I would firstly today like to take this opportunity to wish everybody a happy new year. We must all hope that 2023 will be a better year for all in terms of economic growth and prosperity. And let us hope there may be a ceasefire and an end to this dreadful war in the Ukraine.
As for me I am looking forward to another year promoting our diverse horticulture and sports turf industry.
I'm also pleased to report that there are some exciting new developments here at TurfPro. As part of our championing of the sector, we will be including some new features that you’ll be able to read and enjoy throughout the year.
These will begin next week with a regular monthly feature article penned by the recent head of the Amenty Forum, Professor John Moverley, who will be taking a comprehensive look at the incredibly important issues of sustainability and how they are affecting and driving our ways of working.
Professor John Moverley
Called Sustainability Focus, we are delighted to have this regular feature sponsored by Envu - a new company founded in 2022, built on years of Bayer experience, for the sole purpose of advancing healthy environments.
Phil Logan, national account manager UK & Ireland at Envu said, "At ENVU we are committed to helping our customers achieve sustainable high quality turf surfaces . We are delighted to be supporting Professor Moverley's column in TurfPro. We look forward to reading what he has to say on this incredibly important topic each month."
We thank Envu for their support and, like them, I am also keen to discover what wisdom John will impart on this fascinating and vital subject throughout the course of 2023.
Also new for TurfPro in 2023 will be a Guest Editor slot we’re launching for magazine. This will feature a plethora of leading turf professional figures from across all areas of the industry, taking over the reins from myself once a month. These guest editors will be talking about their own experiences and sharing their thoughts on what issues are impacting on their working lives in the current climate. The first of these will commence the week of BTME this month and it's highly respected figure, known throughout the sector, who will be kicking this feature off for us.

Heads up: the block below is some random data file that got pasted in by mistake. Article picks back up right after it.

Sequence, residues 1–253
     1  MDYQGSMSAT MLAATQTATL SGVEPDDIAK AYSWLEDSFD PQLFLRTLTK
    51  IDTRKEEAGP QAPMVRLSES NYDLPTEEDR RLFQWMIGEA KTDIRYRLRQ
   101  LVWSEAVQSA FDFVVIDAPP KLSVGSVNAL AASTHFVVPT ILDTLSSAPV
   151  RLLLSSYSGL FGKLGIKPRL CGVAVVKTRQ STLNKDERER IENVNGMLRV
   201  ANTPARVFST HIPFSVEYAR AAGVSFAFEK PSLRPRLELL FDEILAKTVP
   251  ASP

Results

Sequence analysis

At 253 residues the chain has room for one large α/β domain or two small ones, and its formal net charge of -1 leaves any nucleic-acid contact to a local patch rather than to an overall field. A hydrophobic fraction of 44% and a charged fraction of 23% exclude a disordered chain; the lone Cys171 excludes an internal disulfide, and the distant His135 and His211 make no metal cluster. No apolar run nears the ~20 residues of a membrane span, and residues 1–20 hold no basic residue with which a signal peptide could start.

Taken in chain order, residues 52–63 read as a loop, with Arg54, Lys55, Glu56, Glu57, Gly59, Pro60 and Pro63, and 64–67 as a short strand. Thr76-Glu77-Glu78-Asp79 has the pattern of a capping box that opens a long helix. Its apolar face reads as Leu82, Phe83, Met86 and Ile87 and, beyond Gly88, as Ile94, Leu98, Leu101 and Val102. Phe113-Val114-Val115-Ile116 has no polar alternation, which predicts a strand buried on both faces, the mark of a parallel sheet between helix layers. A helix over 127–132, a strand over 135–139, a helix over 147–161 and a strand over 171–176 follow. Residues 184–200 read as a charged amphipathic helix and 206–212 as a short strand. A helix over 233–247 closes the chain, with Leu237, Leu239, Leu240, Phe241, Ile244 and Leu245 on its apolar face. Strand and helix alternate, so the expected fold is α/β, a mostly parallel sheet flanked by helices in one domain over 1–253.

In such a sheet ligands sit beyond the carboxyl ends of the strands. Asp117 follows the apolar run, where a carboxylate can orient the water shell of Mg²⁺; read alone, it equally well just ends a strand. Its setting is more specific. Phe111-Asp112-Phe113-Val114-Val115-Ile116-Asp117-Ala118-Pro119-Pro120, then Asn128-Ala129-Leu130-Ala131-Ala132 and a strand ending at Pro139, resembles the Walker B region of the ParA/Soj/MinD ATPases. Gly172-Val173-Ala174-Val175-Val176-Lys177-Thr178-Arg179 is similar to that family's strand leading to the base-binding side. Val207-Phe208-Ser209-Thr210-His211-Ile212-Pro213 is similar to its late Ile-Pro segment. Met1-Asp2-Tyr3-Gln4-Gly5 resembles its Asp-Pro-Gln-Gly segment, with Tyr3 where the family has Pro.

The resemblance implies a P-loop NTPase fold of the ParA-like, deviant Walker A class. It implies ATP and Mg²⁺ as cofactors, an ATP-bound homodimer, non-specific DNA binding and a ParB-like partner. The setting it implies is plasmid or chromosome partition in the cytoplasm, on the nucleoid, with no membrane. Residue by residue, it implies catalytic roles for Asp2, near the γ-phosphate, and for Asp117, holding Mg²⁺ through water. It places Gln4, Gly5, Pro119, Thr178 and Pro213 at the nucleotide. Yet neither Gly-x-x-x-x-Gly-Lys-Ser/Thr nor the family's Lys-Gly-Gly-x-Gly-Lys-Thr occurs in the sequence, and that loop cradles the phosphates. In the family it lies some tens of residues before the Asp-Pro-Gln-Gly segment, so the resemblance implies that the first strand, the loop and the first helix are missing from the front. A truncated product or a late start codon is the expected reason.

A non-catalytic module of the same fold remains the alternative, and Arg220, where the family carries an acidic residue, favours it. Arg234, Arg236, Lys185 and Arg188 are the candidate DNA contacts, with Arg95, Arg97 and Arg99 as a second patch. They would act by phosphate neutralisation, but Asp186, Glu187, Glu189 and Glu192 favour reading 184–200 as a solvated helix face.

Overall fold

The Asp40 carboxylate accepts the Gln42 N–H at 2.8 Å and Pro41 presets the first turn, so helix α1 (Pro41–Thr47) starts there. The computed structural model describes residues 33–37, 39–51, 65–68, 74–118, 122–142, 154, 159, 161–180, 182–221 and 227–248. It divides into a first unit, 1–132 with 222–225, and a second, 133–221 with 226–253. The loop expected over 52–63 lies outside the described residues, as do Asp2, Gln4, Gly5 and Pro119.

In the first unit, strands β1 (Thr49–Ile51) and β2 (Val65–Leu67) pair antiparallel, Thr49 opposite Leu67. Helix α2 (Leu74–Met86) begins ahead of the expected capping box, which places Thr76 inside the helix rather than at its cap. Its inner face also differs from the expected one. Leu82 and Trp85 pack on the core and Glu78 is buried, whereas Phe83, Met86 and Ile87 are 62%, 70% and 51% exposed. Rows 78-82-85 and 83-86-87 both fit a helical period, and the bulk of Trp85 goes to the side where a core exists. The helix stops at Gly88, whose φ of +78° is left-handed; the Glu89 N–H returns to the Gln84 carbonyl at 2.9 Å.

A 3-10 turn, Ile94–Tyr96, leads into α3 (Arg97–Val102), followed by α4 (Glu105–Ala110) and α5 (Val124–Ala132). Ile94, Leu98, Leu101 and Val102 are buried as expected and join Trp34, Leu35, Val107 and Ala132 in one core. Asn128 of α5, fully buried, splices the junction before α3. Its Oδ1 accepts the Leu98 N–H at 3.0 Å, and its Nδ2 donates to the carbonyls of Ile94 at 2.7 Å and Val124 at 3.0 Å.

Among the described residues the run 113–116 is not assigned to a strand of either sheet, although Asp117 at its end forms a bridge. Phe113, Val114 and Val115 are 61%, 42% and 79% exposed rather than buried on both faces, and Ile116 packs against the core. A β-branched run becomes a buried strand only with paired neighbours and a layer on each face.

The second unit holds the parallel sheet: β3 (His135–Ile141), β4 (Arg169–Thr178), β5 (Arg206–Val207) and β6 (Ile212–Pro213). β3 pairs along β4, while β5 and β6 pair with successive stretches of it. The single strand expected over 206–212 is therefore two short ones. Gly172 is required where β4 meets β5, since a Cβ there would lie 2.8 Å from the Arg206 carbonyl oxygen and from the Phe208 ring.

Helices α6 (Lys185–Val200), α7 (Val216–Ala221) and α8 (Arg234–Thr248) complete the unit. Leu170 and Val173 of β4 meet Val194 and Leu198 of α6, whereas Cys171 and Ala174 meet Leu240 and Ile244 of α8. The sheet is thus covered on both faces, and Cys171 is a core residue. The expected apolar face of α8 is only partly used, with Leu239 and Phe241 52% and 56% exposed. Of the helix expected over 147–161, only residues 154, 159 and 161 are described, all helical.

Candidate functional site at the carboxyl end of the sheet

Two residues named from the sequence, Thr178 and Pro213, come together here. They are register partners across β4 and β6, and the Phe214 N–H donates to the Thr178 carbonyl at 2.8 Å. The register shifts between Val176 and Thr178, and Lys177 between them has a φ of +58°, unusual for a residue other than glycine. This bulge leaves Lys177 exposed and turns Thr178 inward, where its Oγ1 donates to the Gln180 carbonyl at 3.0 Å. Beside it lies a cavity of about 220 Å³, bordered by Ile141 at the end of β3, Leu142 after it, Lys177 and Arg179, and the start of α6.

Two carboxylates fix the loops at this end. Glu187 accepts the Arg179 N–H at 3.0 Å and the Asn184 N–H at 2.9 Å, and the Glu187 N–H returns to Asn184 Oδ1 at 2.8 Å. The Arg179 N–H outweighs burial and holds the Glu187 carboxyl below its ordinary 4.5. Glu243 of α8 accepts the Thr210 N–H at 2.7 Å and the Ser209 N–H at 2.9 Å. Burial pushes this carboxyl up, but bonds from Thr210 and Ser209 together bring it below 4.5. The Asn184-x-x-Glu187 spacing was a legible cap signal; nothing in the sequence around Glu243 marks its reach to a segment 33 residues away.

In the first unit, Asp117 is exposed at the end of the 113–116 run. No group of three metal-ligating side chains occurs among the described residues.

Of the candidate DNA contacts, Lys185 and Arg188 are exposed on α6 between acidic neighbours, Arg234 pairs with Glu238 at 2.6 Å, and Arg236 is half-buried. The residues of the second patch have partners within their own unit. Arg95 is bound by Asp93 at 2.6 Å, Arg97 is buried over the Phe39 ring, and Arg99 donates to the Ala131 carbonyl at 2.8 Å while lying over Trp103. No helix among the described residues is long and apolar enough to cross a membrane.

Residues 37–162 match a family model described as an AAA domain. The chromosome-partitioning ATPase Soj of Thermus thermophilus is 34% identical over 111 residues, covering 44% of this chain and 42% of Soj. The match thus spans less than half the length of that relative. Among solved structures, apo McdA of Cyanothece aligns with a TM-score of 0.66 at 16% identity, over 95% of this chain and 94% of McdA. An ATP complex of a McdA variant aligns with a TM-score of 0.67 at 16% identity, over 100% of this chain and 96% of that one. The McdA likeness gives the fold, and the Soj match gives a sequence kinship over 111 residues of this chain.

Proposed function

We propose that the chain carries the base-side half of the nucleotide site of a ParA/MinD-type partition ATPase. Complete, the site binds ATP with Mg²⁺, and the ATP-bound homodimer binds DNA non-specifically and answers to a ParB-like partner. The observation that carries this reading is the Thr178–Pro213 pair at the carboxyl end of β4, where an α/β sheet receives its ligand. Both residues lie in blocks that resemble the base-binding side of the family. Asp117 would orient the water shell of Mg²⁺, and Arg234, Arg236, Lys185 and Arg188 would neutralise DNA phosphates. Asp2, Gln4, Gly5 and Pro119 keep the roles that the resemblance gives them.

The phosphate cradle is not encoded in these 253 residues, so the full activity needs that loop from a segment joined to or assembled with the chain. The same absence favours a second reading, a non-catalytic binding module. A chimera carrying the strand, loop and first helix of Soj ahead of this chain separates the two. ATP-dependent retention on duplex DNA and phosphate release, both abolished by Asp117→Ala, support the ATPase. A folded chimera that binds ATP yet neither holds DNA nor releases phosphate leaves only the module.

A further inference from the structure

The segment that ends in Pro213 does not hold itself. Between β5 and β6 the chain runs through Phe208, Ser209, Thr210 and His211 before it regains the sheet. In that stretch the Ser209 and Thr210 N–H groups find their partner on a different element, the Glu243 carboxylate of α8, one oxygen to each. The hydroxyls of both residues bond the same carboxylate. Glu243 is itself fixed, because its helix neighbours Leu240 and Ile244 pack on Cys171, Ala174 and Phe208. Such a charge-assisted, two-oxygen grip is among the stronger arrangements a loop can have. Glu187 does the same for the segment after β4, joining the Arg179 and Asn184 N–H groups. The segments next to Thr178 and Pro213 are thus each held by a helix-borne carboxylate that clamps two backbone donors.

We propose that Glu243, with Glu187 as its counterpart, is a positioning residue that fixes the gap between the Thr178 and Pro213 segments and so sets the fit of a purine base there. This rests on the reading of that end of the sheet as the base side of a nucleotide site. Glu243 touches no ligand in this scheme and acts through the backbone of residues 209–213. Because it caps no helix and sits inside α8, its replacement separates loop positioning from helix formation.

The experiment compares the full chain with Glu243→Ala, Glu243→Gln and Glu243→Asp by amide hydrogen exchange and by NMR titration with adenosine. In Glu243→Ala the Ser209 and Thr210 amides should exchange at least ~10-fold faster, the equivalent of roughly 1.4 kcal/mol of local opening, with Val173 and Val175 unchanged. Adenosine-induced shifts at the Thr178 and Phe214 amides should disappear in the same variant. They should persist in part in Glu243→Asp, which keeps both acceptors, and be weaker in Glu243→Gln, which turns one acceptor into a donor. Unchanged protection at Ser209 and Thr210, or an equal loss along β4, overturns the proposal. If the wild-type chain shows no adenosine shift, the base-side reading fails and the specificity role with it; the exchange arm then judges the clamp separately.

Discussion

Although we are only an online magazine, I do think this can be an advantage in that being published every week means we are able to bring you the most up to date news and issues affecting our industry.
And to start the turf care year in earnest, myself and a few of my TurfPro colleagues will be decamping to Harrogate to attend BIGGA’s BTME on the 24th -26th January, with the aim of catching up with as many people as we can. Hope to see you there.
Plastic not fantastic
As for recent news that has caught my eye since we’ve been on the Christmas break, I read with interest in the Telegraph that the Communities Secretary is moving to ban artificial lawns in housing developments as part of a war on plastic. The report states that Michael Gove’s proposals mean that local authorities will be able to block housebuilders from laying fake grass.
The plans, as also reported in The Sunday Times, are part of Mr Gove’s consultation on an updated version of the National Planning Policy Framework, which is used by councils when determining planning applications and producing local plans.
I myself am not a fan of plastic lawns in domestic gardens as they bring with them plenty of environmental issues. As mentioned in the article, their impact on our wildlife and habitats is extreme. With so many people ripping up their front gardens and replacing them with plastic grass or gravel we are definitely seeing a decline in local wildlife populations. For example hedgehog populations are in decline, along with the loss many butterfly and beneficial insects.
Also, creating more hardstanding and less receptive surface areas for rain water to drain away, increases the risk of flash flooding.
By removing hedges and front gardens we are losing our once vibrant urban habitat that brings together so many benefits for us all. The mere fact we are removing hedges and trees from our doorstep, only increases noise and pollution within our own living space.
We must not underestimate the true value of our urban landscape. It not only enriches our lives, but provides an important environment for not only us and our children, but for many thousands of birds, mammals and insects.
If we do not take full care and attention, these sights and sounds will be long gone. It time for us to take stock of our lifestyles and perhaps think more about of what is around us and its real values.